The right of choice runs deep in America. And that includes women’s right to choose.
No, I am not weighing in on the age old debate over “right to life” vs. “choice.” I am adding my 2 cents worth on the ill-publicized comments from Democratic National strategist Hilary Rosen about Mitt Romney’s wife.
As heard on CNN, Rosen told the world that Ann Romney, wife of presumptive Republican presidential nominee Mitt Romney, “has never worked a day in her life.”
Since when is raising five boys not work? Sure, it is easier when you are a millionaire, but raising a family is still work.
I’ll bet Ms. Rosen has a lot of bruises on her body after being touched with a 10-foot pole by Democrats after this foot-in-the-mouth comment.
David Axelrod, one of President Obama’s top political advisors, called her comments “inappropriate and offensive.”
Not soon afterwards, Rosen was doing the Michael Jackson moonwalk — politically backpeddling and shuffling saying, “I apologize to Ann Romney and anyone else who was offended.”
Like, anyone with a mom?
I learned the value of a stay-at-home mom from an early age.
As a young newlywed, I made a similar dumb gaffe (although in the 1980s, it was not a 24-7 news cycle/national audience) to my then mother in-law.
A stay-at-home mom, I was sitting in her home, enjoying one of her delectable three square meals a day, when this seemingly innocent conversation began with this proud, Polish mom of nine.
My mom, you see, raised seven kids. She also worked outside of the home for a paycheck.
I don’t recall how the conversation started, but sitting at her dinner table, enjoying another free delicious meal, I responded to something she said: “The difference is my mom works.” The implication being that my mother-in-law did not.
The silence was painful and only more piercing when she responded, “No, the difference is your mother gets a paycheck for the work she does.” Ouch!
It did not take much reflection to see how right she was. At that moment my respect for her and all moms shot up 1000%. I had sat at her table benefiting from her work for years.
Running a household of 11, putting all the kids through Catholic school, feeding, clothing, managing a budget in a caring and nurturing environment, was indeed work of love that paid high emotional, not financial dividends.
Years later having had partial responsibility for child rearing, my respect has only been magnified.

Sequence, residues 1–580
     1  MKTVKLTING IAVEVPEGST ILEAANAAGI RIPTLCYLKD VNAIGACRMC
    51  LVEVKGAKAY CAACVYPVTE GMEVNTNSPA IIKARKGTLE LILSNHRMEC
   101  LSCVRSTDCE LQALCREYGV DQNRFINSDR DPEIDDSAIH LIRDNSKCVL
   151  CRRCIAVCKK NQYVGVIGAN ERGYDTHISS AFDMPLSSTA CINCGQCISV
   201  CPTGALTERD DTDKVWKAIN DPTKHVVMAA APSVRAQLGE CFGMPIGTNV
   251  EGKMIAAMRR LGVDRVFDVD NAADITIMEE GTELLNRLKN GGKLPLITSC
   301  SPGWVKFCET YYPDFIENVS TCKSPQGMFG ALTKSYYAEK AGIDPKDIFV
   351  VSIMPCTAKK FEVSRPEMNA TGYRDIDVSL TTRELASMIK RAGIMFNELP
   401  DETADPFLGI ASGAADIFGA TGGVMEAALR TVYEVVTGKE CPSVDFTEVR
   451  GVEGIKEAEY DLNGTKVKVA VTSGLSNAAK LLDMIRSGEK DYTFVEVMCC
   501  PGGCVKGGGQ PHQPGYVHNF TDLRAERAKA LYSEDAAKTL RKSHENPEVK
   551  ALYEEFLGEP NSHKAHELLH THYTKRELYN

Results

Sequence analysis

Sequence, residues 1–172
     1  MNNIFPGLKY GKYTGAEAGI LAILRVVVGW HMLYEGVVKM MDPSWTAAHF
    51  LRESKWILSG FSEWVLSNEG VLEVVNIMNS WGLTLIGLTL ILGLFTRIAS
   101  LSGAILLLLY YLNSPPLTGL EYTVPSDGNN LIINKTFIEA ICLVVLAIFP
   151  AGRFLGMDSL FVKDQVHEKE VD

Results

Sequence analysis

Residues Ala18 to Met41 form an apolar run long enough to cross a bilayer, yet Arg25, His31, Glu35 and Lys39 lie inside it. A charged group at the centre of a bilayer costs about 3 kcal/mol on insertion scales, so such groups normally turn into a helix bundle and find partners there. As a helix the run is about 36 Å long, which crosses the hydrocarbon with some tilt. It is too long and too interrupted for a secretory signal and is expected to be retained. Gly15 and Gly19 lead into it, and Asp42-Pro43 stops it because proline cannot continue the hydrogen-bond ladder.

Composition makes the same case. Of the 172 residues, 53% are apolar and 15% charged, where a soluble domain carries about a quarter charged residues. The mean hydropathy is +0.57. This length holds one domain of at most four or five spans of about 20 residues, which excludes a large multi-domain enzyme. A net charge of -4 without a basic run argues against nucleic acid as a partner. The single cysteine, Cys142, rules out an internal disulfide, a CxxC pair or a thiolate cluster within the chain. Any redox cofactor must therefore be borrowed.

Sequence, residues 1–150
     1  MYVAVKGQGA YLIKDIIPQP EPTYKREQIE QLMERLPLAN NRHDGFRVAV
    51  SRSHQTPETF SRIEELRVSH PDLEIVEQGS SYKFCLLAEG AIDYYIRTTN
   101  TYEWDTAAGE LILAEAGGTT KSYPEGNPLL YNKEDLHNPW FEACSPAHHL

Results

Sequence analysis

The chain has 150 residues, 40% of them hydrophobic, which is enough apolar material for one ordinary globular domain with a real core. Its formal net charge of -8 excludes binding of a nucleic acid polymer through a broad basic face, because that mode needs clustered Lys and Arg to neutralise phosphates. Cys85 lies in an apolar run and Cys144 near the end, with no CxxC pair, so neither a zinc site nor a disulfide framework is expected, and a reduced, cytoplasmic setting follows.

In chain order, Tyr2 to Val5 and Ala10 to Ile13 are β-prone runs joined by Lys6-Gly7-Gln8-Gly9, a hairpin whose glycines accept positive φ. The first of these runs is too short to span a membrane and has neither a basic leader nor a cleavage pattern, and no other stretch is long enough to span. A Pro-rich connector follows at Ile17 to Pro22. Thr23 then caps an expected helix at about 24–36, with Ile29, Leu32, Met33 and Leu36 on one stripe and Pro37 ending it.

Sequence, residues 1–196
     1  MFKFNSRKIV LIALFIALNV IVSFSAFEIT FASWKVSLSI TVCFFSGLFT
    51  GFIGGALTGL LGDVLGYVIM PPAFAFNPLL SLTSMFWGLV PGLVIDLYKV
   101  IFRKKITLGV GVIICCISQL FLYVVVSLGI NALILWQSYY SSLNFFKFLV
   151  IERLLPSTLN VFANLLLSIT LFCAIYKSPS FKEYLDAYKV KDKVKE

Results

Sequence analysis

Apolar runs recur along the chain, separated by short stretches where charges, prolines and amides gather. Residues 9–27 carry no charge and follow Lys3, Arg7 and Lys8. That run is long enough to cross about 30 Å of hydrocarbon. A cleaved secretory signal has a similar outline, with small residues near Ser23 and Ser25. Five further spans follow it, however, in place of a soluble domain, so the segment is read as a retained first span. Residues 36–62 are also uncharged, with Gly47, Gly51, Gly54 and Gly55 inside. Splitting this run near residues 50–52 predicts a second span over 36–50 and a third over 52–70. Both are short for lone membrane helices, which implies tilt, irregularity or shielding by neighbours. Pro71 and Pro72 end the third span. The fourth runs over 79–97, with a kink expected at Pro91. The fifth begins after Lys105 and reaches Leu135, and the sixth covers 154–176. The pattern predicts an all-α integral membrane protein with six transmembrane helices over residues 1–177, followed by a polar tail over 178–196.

Democrat Hilary Rosen provided a gift to team Romney. Polls show Obama with a 20-point advantage among women voters. The focus prior to this ill-considered comment by Ms. Rosen was on the Republican “war” on women.
There is an old adage that in politics, “when your opponent is beating himself, let him.” Republicans in general, and Romney in specifically, had been doing a good job of alienating women voters with their rhetoric.
My former mother-in-law is far from a flame-throwing liberal women’s rights advocate. She worked very hard raising her family to become successful tax paying citizens with a bevy of grandkids. She contributed mightily to her kids and society — and was never given a paycheck for it.
She did earn love and respect.
Ms. Rosen helped change the conversation. While not politically helpful to team Obama, she has helped spark a national conversation.
Women’s rights, gender equity, equal pay, health care and an anemic economy impact women. These issues deserve our leaders’ attention and action.
Now, with this particular sideshow behind us, let’s hope Obama and Romney can raise the debate to one that elevates the role of women in our society, and develop sensible policies recognizing their unique needs and contributions. We need to get the focus back to where it belongs — getting the country working again.
First Lady Michelle Obama had the last word on this topic when she tweeted, “Every mother works hard, and every woman deserves to be respected.”
Don’t mess with Mama!
Tom Watkins served the citizens of Michigan as state superintendent of schools and state mental health director. He is a US/China business and China consultant and can e reached at firstname.lastname@example.org.